The grazer cells numbers suggest that ingestion rates probably fluctuate daily (see below). This was nagging me so I plotted daily O. marina abundances and they fluctuate day to day between the treatments, suggesting day variation in grazer growth rate. I did a quick analysis of these growth rates ( ln(Tx/T(x-1)) ) for Exp. 3, and they do in fact fluctuate. So depending on when you ended the experiment, the ‘bulk’ grazer growth rate could be higher or lower for Ehux or infected Ehux. (Note: that there are two tables reporting cells abundance in their supplemental tables. I’m not sure what is the difference between them, so I plotted the data for both.) This fluctuation day to day throws their overall conclusions about differences in grazing rates between non-infected and infected cells into question. I predict that the daily ingestion rates vary daily as well.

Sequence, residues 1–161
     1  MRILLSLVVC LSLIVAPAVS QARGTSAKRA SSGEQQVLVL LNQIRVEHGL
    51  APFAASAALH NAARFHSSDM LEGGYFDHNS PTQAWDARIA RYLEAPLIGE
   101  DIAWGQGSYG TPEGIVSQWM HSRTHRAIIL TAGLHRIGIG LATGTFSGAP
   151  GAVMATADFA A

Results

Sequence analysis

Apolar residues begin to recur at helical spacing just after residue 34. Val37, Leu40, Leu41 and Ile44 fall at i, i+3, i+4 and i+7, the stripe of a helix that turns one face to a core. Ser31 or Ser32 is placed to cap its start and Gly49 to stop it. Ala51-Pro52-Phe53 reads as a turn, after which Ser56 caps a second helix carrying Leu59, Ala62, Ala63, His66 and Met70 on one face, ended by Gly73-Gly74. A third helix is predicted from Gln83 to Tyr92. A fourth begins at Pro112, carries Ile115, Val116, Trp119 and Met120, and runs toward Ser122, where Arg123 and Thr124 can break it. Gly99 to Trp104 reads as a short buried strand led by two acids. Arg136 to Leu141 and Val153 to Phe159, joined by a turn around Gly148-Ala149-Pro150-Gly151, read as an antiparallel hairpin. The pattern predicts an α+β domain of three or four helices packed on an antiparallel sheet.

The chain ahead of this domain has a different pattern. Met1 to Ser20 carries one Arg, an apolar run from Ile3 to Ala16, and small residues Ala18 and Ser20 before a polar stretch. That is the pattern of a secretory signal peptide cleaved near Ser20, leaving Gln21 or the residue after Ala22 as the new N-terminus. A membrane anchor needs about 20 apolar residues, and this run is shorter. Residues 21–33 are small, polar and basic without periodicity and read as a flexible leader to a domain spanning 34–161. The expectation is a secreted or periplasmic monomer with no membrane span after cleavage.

2) The time vs cell number plots in Fig. S1C and S2 suggest that the E. hux prey cells used appear to not actually be growing in exponential phase as reported in the methods section. In Fig. S1C, non-infected cells go up briefly then go down and plateau. This suggests that they are actually in stationary phase or were at best harvested in late-log, just before stationary phase. Likewise, in the non-grazing treatments of E. hux in Fig. S2, E. hux slowly declines over time suggesting that the cells are in stationary phase. Or were they diluted and this is some strange effect on the cells from dilution? These data are in conflict with what the authors state about using cells in log phase. From their experience with these conditions (light, temp, media) at what concentrations does E. hux hit stationary phase (i.e. what does a typical growth curve look like)? I think it is important to conduct these experiments in log phase because cell physiology can be altered in stationary phase. At the very least, the authors should explain these odd patterns and revise their statement that the cells are probably in late-log phase or stationary phase.